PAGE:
MGMA: E-Prescribing Cuts Costs, Improves Patient Safety


With perhaps two-thirds of all physician office visits resulting in the doctor writing a prescription, electronic prescribing should be an essential part of any practice's IT strategy, practice management advocates and government officials say.

William F. Jessee, M.D., president and chief executive of the Medical Group Management Association (MGMA), says that practices need to look at e-prescribing not only as a safety tool but also as a way to improve patient satisfaction. "Patients really like the fact that their providers are current and on top of things," Jessee said Monday during a public MGMA Webcast and conference call.

The Englewood, Colo.-based MGMA held the event as part of the organization's second-annual National Medical Group Practice Week.

The MGMA found in 2004 that telephone time with pharmacies and additional time spent verifying patient insurance details and resubmitting denied claims cost group practices more than $20,000 per full-time physician each year. And the Harvard-affiliated Center for Information Technology Leadership (Wellesley, Mass.) estimates that nationwide adoption of e-prescribing technology could prevent 2.1 million adverse drug events per year.

"Most of us, when we talk about e-prescribing, the big push is patient safety, first and foremost," according to Charles Lathram III, president and executive director of OB/GYN Associates of Northwest Alabama. But the technology also has helped the Florence, Ala., practice trim thousands in expenses. "It dramatically reduces the amount of time we have to spend on the phone in the physician office," Lathram said.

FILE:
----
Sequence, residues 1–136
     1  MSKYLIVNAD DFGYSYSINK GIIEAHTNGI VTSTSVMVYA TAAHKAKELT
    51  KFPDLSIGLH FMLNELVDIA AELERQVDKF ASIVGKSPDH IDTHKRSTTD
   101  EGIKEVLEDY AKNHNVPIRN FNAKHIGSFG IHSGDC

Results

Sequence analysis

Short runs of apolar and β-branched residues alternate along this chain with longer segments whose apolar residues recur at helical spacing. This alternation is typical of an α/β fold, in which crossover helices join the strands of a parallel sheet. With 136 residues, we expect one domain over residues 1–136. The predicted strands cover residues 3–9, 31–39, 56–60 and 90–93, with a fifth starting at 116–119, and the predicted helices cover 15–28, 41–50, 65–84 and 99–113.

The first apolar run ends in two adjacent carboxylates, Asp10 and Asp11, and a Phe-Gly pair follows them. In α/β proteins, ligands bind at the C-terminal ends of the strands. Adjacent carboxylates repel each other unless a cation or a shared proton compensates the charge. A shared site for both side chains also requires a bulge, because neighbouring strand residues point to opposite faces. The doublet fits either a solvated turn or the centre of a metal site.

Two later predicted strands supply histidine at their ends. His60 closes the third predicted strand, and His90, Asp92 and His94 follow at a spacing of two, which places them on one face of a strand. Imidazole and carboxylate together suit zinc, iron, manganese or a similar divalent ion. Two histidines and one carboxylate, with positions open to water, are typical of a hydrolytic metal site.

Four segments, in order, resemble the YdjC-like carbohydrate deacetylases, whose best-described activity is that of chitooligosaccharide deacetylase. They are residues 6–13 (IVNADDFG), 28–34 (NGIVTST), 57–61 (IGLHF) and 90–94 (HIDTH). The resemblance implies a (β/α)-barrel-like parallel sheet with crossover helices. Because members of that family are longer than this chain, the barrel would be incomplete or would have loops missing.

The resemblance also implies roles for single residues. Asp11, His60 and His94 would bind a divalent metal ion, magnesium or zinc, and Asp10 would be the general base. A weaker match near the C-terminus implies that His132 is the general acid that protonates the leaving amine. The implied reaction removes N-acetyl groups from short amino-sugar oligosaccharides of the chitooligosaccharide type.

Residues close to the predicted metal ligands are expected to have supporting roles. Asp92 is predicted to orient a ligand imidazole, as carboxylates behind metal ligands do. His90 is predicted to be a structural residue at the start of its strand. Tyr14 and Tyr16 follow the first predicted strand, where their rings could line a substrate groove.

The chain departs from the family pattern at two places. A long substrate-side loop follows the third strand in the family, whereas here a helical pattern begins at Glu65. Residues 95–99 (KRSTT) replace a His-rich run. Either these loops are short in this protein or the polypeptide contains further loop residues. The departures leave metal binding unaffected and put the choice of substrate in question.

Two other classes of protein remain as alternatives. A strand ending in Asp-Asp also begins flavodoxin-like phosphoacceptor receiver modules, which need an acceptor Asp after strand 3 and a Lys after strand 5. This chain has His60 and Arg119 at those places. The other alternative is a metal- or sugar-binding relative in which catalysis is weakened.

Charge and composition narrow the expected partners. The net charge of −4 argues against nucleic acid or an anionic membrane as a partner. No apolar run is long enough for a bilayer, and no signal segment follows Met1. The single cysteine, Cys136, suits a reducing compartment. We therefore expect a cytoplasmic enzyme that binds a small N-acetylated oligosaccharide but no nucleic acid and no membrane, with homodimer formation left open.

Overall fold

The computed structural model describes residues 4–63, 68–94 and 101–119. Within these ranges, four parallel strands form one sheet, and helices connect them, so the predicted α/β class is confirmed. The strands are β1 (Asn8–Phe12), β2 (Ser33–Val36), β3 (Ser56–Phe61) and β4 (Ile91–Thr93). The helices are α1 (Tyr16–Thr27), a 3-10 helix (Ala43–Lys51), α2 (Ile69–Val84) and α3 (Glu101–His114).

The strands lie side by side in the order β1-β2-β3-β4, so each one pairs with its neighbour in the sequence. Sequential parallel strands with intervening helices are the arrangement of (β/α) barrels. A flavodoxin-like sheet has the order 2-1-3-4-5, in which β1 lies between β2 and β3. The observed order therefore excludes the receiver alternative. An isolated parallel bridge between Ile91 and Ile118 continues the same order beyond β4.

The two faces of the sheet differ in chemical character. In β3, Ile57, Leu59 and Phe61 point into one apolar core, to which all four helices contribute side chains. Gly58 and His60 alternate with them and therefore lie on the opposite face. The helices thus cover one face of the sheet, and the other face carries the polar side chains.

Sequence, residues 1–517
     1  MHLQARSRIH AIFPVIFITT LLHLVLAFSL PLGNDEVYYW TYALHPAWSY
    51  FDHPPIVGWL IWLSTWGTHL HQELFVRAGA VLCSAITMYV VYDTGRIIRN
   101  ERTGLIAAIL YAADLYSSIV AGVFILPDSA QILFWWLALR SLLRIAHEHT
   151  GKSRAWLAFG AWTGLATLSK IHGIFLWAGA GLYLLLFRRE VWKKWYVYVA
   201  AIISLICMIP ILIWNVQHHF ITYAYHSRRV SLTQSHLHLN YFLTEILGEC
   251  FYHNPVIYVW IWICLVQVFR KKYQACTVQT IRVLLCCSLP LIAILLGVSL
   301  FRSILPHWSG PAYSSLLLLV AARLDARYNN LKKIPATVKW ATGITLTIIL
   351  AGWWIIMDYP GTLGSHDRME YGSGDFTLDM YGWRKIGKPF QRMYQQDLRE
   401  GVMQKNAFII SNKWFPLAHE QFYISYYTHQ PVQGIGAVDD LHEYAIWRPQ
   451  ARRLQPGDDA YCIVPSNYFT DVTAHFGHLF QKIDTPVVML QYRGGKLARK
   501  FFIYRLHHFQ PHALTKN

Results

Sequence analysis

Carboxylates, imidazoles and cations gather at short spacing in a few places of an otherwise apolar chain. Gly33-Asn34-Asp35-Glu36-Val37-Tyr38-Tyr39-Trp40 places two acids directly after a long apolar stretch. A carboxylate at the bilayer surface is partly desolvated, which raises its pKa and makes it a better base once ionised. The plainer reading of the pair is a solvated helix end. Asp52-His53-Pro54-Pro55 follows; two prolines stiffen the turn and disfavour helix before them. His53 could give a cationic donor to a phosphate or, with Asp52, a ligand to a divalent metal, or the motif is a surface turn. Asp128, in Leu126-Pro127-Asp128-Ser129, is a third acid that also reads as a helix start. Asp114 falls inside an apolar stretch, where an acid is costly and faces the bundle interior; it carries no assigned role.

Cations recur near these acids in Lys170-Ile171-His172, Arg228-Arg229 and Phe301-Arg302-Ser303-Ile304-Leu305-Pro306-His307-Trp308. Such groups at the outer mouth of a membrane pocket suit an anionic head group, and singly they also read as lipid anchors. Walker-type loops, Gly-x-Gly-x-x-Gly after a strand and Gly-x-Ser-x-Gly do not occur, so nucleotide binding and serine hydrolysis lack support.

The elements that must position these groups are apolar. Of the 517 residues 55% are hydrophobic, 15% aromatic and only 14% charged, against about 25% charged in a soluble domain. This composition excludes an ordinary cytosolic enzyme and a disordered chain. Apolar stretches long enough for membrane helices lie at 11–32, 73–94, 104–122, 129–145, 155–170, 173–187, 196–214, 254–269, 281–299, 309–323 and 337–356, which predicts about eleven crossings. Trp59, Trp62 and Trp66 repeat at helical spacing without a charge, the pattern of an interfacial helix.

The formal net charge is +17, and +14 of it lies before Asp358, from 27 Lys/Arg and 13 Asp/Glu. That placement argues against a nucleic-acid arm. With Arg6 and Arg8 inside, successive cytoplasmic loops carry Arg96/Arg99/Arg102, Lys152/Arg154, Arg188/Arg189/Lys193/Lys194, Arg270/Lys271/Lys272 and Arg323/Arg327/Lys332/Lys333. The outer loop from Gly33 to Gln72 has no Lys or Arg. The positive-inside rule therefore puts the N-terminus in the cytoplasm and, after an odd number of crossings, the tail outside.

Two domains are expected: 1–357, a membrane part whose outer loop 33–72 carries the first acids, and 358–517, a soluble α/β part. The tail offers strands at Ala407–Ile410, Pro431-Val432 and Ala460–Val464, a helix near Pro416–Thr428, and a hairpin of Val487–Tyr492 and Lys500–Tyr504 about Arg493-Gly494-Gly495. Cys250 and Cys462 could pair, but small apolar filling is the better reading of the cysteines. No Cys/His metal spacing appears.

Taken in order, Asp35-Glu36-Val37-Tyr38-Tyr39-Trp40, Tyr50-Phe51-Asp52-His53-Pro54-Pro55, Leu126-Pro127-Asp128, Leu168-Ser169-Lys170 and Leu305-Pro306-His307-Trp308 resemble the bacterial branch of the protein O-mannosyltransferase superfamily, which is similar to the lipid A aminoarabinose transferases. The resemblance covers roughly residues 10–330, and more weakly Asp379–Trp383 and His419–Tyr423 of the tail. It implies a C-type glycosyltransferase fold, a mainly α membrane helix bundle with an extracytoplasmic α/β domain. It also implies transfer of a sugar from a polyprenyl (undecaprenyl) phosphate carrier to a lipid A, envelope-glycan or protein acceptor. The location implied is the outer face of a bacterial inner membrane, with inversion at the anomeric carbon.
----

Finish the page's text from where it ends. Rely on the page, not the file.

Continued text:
He also called e-prescribing a "great marketing tool" for health plans because the technology eliminates many of the hassles associated with formulary and co-pay verification.

But MGMA Health Care Consulting Group principal Rosemarie Nelson cautioned that e-prescribing -- indeed, all health-IT -- must fit within comfortable workflow patterns. "Whatever that information technology piece is, it needs to be easy to use for staff, nurses, and providers," Nelson said. If not, none of the technology matters.

Remote access via the Web and on handheld mobile devices can help raise physician comfort level with e-prescribing, according to Nelson.Centers for Medicare and Medicaid Services

Meanwhile, the new Medicare Part D prescription drug program recently prompted the  (CMS) to issue standards for e-prescribing. This month, CMS is beginning e-prescribing pilot projects to test the standards and will report its results to Congress in April 2007. CMS is to have final, voluntary standards in place for participating Medicare providers no later than April 2008.
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